Located approximately 30 miles northwest of Chicago, District 214 is the second largest high school district in Illinois, serving more than 250,000 residents in several communities. Built in 1973, Buffalo Grove is one of six comprehensive high schools in the district and has an enrollment of more than 2,100 students.
ITG recommended a TAC building automation system (BAS), designed to meet the district's needs. This solution upgraded the district's aging facilities to meet present building control requirements and energy management initiatives, while remaining within a tight budget.
Doug Smith, building and grounds supervisor at Buffalo Grove, monitors the entire building from a single workstation in his office outside the school's central chiller plant. He said he can adjust individual classroom temperatures, modify the school bell schedule, acknowledge alarms, and troubleshoot potential problems with the boilers, classroom unit ventilators, VAV units, pumps, fans, etc., with just the click of the mouse.
Smith's workstation is connected via the district's LAN to a central workstation and file server in the district's central maintenance office, where all alarms at Buffalo Grove, or any district school, are monitored simultaneously.
Relying on the new BAS, Smith said he does not spend his day running around the high school addressing complaints about the temperature in the building. Even on a typical 0°F winter day, he said his eight boilers and two circulating pumps are humming along under peak conditions without a glitch and still at only 65 percent capacity.
Occupancy sensors installed in each classroom at Buffalo Grove integrate lighting and VAV control. When a classroom becomes unoccupied, the lights shut off after a predetermined time period, heating/cooling returns to its unoccupied set point, and VAV dampers are positioned to minimum setting.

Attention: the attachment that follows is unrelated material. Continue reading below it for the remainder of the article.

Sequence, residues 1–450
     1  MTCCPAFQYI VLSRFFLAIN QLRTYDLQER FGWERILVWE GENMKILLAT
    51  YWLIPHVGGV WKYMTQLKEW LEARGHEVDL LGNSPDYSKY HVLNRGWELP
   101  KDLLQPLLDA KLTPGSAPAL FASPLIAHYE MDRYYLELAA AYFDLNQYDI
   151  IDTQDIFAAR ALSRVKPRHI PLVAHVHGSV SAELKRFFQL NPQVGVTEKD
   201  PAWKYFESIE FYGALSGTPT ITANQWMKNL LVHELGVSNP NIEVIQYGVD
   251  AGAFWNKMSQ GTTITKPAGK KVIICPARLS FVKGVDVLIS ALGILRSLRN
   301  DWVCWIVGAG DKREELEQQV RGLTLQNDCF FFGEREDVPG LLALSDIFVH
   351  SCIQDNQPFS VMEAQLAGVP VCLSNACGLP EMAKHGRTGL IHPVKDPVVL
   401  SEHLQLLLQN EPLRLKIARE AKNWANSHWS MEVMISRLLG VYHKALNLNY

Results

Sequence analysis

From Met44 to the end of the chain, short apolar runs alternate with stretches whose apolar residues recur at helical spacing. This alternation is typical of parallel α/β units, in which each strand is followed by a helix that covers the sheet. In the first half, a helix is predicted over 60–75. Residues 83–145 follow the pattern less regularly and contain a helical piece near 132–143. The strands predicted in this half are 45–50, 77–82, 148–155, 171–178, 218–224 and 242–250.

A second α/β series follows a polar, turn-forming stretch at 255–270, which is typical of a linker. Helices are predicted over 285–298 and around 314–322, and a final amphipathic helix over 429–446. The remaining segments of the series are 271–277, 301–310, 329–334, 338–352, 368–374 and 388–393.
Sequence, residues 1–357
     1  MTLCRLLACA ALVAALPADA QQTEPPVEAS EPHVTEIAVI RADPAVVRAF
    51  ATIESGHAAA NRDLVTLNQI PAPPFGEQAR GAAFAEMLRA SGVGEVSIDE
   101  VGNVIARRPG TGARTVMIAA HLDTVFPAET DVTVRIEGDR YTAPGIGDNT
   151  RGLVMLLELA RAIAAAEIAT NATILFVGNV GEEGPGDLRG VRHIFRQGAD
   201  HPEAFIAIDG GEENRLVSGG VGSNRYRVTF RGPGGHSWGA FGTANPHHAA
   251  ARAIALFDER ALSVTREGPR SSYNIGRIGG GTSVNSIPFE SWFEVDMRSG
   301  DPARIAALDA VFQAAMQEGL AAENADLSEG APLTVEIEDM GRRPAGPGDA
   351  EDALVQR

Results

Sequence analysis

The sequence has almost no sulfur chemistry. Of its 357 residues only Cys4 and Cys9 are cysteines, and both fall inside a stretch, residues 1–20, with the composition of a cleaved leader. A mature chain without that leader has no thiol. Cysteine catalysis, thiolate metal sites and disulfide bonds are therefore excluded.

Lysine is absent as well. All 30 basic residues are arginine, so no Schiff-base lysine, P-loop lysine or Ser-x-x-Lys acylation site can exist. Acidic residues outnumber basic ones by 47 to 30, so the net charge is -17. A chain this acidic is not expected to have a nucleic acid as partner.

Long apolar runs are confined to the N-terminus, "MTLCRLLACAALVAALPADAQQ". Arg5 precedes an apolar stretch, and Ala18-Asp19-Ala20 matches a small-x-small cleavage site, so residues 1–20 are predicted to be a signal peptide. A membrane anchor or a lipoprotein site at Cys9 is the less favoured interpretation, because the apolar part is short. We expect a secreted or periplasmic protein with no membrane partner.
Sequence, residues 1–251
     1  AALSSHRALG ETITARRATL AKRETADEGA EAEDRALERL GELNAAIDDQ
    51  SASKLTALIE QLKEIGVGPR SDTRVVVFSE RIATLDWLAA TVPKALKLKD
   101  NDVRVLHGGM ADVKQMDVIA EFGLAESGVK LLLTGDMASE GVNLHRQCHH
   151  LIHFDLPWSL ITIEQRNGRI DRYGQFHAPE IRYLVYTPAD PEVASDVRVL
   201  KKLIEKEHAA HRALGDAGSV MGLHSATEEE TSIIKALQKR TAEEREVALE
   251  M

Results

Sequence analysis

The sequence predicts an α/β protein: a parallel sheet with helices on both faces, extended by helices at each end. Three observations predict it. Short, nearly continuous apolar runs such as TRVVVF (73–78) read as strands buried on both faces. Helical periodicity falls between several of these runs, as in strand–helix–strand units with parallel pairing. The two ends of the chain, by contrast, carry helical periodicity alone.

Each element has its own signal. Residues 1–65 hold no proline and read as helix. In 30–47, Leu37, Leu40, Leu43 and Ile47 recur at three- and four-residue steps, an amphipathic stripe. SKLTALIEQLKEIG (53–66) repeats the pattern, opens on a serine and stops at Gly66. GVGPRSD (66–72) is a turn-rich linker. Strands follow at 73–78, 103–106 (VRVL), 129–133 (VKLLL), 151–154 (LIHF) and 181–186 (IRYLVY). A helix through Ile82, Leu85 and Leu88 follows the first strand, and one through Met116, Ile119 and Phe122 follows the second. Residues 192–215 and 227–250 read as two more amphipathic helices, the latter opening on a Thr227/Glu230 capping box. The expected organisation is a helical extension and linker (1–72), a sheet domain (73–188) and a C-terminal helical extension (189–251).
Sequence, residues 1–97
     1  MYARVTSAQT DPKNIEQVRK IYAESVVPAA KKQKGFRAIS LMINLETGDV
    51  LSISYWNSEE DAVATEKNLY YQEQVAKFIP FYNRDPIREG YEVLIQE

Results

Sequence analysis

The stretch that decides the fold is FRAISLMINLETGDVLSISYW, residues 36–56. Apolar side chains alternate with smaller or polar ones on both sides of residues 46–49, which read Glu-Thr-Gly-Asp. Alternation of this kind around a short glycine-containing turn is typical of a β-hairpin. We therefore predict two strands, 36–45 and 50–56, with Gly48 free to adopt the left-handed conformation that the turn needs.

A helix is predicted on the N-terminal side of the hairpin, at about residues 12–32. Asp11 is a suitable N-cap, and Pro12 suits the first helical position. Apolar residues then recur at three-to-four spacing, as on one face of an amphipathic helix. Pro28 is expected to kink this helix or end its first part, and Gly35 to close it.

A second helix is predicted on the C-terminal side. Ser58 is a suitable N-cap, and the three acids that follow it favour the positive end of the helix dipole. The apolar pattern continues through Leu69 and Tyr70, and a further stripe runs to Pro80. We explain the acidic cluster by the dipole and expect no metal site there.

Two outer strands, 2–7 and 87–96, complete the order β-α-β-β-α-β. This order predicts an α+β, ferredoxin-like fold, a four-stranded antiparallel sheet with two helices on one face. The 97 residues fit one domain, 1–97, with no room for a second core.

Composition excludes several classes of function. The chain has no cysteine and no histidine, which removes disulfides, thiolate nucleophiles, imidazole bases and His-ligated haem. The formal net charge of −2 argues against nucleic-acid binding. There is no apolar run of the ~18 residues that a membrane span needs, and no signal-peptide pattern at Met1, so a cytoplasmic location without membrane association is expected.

Buffalo Grove also uses an ice storage system, designed to produce chilled water for air conditioning. This system was chosen for its potential to reduce the impact of demand charges through utilization of lower off-peak energy rates.
According to Smith, during eight months out of the year, the system makes ice at night when electricity costs are the lowest per kWh and there are no demand charges. The following day, the system melts the ice to make chilled water, in lieu of running chillers, when electricity costs are the highest per kWh and demand charges are in effect.
According to Seymour Schwartz, the district's director of buildings and grounds, the ice system is probably the school's greatest money-saving device. He said that the air conditioning at Buffalo Grove runs approximately $10,000 less per month than air conditioning at a school in the district without an ice system.
Energy savings since the installation of the new BAS at Buffalo Grove have been impressive, too. According to Schwartz, electricity costs at the school went from an average annual cost of $400,000 to $318,000 in the first year, despite the fact that after the renovation lighting levels doubled and fresh air requirements tripled.
"Utility money is wasted money," said Schwartz. "We have a $2.5 million gas and electricity budget district-wide. Our goal is to reduce this amount without affecting comfort and health."
The effective use of the school's BAS has played a major part in meeting this goal, he said.
For more information, visit www.andovercontrols.com.
Publication date: 05/29/2006